Words that I Cherish from a Cuban Writer

By Ben Anson

HAVANA TIMES – It is not an easy thing to pull through – loneliness. Not easy at all…

Someone once said: “loneliness is the ultimate poverty”.

Perhaps it is. Perhaps it is.

I confess, that I have thought it through a great deal over the course of this last week. Writing thrives within solitude. Therefore, it could very well be of decided necessity that the writer finds his or herself entrapped within a semi constant cycle of solitude. Necessary, that is, so that the writer may flourish due to having no other activity to indulge in other than to write.

The losing of oneself in the escapism of creating content, whether it be tales of fiction, factual articles or even poetry – is something that is more often than not, achieved via sheer solitude.

One must soak up the torturous state of loneliness with artistic or intellectual pursuits such as painting, instrument playing or indeed – writing. One who is capable of doing so, needless to say.

I have seen myself fail upon more occasions than I care to recall. I tend to give in to the alluring vices of rum and nicotine accompanied by some choice mediocre friends; friends who’d sooner drink themselves silly with me on a Tuesday night instead of committing to anything remotely constructive. As a result, I spend copious amounts of money on ridiculous bullshit in an attempt to lift my spirits (litre bottles of Ron Abuelo for instance) and thus wake up the next day with a hideous headache and empty pockets.

A terrible cycle that creates even more loneliness, as once you find yourself with empty pockets – nobody wants to know you. Those same mediocre friends who reclined upon your sofas, drank your beverages and elected songs of their choice on your music playing devices – are now with someone else – someone who’s currently holding paper.

I find myself quite alone in my apartment, time after time, with no possibility of receiving any form of company. Therefore, I write. I am forced to do so. In between fighting off the temptations of Netflix, rum and smokes. Unproductive, health-shattering motherfuckers that these three are.

I try my utmost to remain constructive. To do things that will potentially reward me with something. A sense of artistic achievement or even a small amount of income. It must be done, at all costs.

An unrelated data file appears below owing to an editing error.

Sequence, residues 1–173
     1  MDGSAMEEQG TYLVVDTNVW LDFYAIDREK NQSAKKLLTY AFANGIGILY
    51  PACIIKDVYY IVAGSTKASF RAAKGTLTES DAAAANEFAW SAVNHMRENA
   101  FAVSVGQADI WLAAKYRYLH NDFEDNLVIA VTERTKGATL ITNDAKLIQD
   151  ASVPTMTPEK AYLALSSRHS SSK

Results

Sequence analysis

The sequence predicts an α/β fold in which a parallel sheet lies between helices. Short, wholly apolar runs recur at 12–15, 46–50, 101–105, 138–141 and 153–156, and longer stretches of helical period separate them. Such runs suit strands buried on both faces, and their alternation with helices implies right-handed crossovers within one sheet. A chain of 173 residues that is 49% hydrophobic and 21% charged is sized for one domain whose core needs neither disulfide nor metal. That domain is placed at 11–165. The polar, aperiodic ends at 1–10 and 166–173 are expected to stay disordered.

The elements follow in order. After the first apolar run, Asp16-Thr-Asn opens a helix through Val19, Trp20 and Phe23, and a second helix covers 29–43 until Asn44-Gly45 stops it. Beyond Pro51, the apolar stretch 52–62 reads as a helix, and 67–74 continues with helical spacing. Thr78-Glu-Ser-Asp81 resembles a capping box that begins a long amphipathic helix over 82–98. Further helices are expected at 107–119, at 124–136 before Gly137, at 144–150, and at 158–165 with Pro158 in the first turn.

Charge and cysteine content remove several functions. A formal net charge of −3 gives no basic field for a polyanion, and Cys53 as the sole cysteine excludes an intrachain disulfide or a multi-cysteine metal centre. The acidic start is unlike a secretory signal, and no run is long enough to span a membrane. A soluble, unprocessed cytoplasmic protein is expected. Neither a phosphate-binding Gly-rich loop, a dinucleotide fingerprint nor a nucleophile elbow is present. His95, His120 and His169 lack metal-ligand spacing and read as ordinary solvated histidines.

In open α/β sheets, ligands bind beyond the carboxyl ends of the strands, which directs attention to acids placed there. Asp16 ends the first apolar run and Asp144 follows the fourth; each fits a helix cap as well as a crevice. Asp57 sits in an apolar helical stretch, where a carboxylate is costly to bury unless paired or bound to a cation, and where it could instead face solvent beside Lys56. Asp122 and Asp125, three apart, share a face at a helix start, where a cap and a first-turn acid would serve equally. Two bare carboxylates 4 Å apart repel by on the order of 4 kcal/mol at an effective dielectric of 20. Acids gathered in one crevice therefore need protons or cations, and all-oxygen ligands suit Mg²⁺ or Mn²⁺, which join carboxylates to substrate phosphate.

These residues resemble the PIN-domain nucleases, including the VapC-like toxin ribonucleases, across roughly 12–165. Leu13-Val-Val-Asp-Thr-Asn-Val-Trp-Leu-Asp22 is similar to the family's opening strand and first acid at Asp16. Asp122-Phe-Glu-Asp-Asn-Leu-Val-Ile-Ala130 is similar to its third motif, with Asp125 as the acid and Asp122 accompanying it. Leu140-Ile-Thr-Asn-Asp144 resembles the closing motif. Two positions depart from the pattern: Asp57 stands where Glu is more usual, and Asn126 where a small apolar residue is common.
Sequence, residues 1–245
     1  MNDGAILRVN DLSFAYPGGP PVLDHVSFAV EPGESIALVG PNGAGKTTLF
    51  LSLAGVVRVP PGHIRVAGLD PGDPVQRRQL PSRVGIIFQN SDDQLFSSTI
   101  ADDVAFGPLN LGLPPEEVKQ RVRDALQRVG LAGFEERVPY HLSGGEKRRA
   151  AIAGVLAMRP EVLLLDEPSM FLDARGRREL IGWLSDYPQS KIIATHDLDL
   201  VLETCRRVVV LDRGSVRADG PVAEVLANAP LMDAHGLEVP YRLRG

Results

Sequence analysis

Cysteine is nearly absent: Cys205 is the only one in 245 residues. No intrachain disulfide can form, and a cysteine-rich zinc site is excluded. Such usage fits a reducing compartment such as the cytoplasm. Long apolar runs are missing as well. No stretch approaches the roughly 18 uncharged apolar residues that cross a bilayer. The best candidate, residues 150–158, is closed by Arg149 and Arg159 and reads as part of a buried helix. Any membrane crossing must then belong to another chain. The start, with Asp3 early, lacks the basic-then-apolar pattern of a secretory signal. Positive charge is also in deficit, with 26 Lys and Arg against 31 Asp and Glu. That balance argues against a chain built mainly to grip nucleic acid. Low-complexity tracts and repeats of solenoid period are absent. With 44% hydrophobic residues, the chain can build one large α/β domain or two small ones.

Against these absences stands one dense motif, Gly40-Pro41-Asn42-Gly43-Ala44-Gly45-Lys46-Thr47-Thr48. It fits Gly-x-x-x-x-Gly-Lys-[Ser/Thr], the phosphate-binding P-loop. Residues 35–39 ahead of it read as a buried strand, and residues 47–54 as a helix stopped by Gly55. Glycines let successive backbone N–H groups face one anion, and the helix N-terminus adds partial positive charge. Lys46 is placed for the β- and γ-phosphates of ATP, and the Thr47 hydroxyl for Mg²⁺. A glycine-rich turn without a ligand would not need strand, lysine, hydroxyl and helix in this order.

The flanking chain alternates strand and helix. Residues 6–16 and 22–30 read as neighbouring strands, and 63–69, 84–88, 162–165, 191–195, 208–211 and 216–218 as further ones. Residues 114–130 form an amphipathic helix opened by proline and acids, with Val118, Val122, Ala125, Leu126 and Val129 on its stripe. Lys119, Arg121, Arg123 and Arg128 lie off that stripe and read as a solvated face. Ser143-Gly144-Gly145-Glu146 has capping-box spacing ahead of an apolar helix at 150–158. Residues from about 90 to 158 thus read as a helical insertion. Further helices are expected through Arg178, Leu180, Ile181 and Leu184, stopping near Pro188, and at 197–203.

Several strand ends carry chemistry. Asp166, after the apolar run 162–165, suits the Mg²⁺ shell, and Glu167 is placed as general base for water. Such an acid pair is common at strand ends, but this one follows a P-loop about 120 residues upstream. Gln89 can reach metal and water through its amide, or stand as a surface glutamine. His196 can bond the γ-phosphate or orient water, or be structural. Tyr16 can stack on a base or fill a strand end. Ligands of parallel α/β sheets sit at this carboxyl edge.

Upon doing so, I find that endorphins are released within me. I begin to feel better. Writing a chapter sure beats messaging people on WhatsApp – asking: “¿no quieres hacer algo?” “Do you want to do something?”

It was a year or so ago, perhaps slightly more, that I found my feelings and opinions towards combating loneliness – were shared. Shared, by none other than my favorite writer – the bold Pedro Juan Gutierrez. Fearless, sensational, cultist and quite perverse – truth be told, Pedro Juan’s gritty, merciless literary gems such as the “Dirty Havana Trilogy” and “Tropical Animal” – redefined literature for me.

I had never read works of fiction, which captured, impressed and inspired me so much as his. The fearless, unapologetic writing style of Gutierrez, is – if nothing else – admirable.

I would therefore like to share an excerpt from his book ‘Tropical Animal’ with all you fellow writers who have undoubtedly battled loneliness…

“Later I paint a little bit. There’s tranquility and silence these days and I benefit from being able to concentrate. Loneliness. Maybe one writes and paints not only to create a space of freedom, but rather also to feel accompanied. Not exactly to break loneliness. It’s not about that. Loneliness is always there. I feel it. I touch it. I talk with it. It forms part of my life. Loneliness is inevitable. And it helps. I concentrate more. I’m more me when we live pushed together: loneliness and me. We worship each other. I couldn’t live without loneliness.”

Words of immense depth and realistic beauty.

Gracias, Pedro Juan.

If you bear no interest in writing, then the point I wish to make is this: If lonely, turn your hand to a talent, to something that you enjoy. Do not let depression sink in where it then becomes almost impossible to want to even contemplate doing anything. Pursue whatever it is that grabs your interest. Do it and think no more. The more one thinks – the less one actually does.

Overthinking feeds loneliness.

Ben Anson

“The moment that I disembark (from a plane), I notice that everything in my body and in my mind readjusts itself for me", so remarked Gabriel Garcia Marquez - when speaking of his relationship with the Caribbean. He felt the strongest physical and mental connection with this part of the world and deemed it as far as ‘grave’ and immensely ‘dangerous’ for him to leave its zone. Only here, did ‘Gabo’ feel ‘right’ in himself. Honduras, does for me - precisely what the Caribbean did for Marquez. A resplendent yet troubled nation, that I have been decidedly unable to part with ever since 2014. I thus seek to capture its essence through the written word.

Ben Anson has 28 posts and counting. See all posts by Ben Anson

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